August 28, 2014

Medina
Mostly clear
59°F

Delcie Pound lives adventurous life

“A secretary doesn’t have adventures, she has experiences.” The very vibrant 90-year-old Delcie Pound could expand that statement to include her whole life. She has worked in retail, agriculture, education, manufacturing, as a seamstress and for the government. And that is just the tip of the iceberg.

Pound did it all, from working in a coal mine as a child to becoming the executive secretary to the dean of Malone College, from doing ironing to pay her room and board to working for the Civil Services Commission and the Agriculture Extension Service at the Ohio State University, to sewing all her own clothes as well as costumes for dancers.

Pound was born Feb. 13, 1917, in Jackson County, where she attended a one-room schoolhouse. She graduated from Wellston High School, and a month later started at Bliss Business College. A bookkeeping teacher she had assisted as a high school senior arranged a scholarship: Pound worked for Bliss for one month in exchange for one month’s tuition.
She completed a 16-month course in four months, testing out on all subjects but shorthand, and got perfect scores of 100 on everything except spelling — she missed the word ‘gherkin’ because she had never heard it before. She typed 90 words per minute and took shorthand at 120 words per minute. She was the first in her class to be sent out on an interview, and got the job at Maize General Tire Store that very day.

Pound worked at the Ohio State University from 1937 until she married in 1939. She and her husband Paul, who worked for Ohio Power Company, lived most of the time in Newark, with a period of 13 years in Canton, and raised two children, Nancy of Medina and Roger of Lisbon. Paul passed away in 1992. She has two grandchildren and one great-grandchild. In 2006, Pound moved to Medina.

“Our marriage started about the same time World War II did. Many of Paul’s friends and relatives were called up for military service. He agreed I should look for a job so when he was called up I would be all set.” The very next day, after Pound finished up what she had to do around the house, she took the bus downtown to answer an ad to work for the Aluminum Company of America. She arrived at 11 a.m., and was told the specifications supervisor needed a secretary in the worst way. He was expected at noon, when he would interview her.
He arrived, rushed, and dictated a half-page letter and told Pound he would be back to sign it after he had a bite of lunch, after which he left a note for the receptionist: “Shorthand OK, typing OK, girl OK.” Pound was on the payroll as of 1 p.m. that day. At 5 p.m. she took the bus home, and floored her husband when he asked how she made out with her first attempt to get back into the job market.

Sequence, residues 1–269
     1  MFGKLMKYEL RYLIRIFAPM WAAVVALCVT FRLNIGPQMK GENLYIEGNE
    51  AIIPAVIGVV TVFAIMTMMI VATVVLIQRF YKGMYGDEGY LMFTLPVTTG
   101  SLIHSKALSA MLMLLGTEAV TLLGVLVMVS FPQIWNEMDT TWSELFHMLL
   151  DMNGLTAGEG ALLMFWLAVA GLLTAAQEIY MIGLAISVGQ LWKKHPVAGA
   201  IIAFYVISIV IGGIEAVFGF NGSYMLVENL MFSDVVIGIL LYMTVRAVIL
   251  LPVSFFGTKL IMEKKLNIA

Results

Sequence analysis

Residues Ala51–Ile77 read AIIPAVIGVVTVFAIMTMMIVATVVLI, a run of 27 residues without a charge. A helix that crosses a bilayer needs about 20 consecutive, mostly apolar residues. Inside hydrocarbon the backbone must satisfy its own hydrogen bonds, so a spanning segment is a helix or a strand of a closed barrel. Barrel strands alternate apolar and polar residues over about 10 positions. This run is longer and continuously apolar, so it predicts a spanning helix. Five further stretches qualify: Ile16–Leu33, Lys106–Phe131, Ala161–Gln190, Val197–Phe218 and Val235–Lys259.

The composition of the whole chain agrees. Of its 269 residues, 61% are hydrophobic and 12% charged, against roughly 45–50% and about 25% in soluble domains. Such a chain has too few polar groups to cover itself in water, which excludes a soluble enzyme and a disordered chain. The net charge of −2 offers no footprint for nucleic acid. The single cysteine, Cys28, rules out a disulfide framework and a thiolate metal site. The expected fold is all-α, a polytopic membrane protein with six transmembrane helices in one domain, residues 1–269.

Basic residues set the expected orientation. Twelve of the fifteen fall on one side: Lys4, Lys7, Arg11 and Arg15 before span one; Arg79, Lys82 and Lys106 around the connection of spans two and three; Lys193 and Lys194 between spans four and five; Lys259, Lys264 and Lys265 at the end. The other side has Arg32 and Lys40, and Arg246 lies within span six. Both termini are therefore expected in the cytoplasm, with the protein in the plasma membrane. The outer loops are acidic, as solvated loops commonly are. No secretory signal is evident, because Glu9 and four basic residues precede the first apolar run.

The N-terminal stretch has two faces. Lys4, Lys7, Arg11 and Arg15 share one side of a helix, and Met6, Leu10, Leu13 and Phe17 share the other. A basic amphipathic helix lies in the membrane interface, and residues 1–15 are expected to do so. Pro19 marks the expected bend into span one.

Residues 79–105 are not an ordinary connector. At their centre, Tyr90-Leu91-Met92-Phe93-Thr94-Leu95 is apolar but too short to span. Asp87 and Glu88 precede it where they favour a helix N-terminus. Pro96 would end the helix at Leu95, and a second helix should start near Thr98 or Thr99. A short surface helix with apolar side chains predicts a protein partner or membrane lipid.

Pound worked for ACA until 1944. Late that summer, she and Paul bought their first home. They moved in on Armistice Day, just as all the bells and whistles were sounding at 11 a.m.
Shortly after moving in, Pound was up on the dining room roof washing windows when she was distracted by the neighbor’s dog. She crawled to the eaves to talk to the dog and was greeted by a man from the government employment office downtown. He said, “Delcie, do you want another job? They need you badly out at the Fifth Service Command.” He waited for her to come down from the roof and change her clothes, then took her to the office. She started work that afternoon as the local secretary for the Civil Service Commission and stayed until it closed one year later. From there she went to Holophane Inc. as secretary of the engineering department and stayed until about three months before son Roger was born in 1947.

Pound then stayed home to fully immerse herself in her children’s activities. She reentered the workforce again in 1966, the year Roger graduated from high school, and did not retire until 1979, the same year Paul retired. During that time she worked at Diebold.

Pound’s daughter describes her mother as one tough lady. She never learned to drive and relied on public transportation for everything. She even went to a job interview once carrying her own rickety typewriter and card table. Pound has been hit by lightning, was in an earthquake, suffered sunstroke and had a stroke in 2001. Two years ago she had both knees replaced at the same time — 16 days later she was home and finished with therapy.

Pound always found time for gardening even with her continuing involvements. She was the recruitment director of the Central Ohio Girl Scout Council, organized the Mothers’ Club that prepared weekly meals for the Boy Scouts’ meetings, repeatedly served as president of the PTA, has been Regent of the DAR twice, helped in whatever capacity was needed at church, and spent more than 20 years volunteering for the Genealogy Society.

Pound is a descendent of the Mayflower and is related to many Revolutionary War soldiers. She loves to read history books, but clarifies: “Not historical novels, they don’t always get the facts correct, or they take liberties with them.”

Anyone who, with her husband, transported bee hives in the backseat of their car and laughed about it, who hid cash in the refrigerator among the lettuce and carrots and thereby foiled a burglar who broke in that evening, who remembers the revenuers not being able to locate a neighbor’s still because it was buried in the manure pile, or who, as a young child, fixed a sandwich with coal ashes to thwart a sneaky thief, has a definite sense of adventure.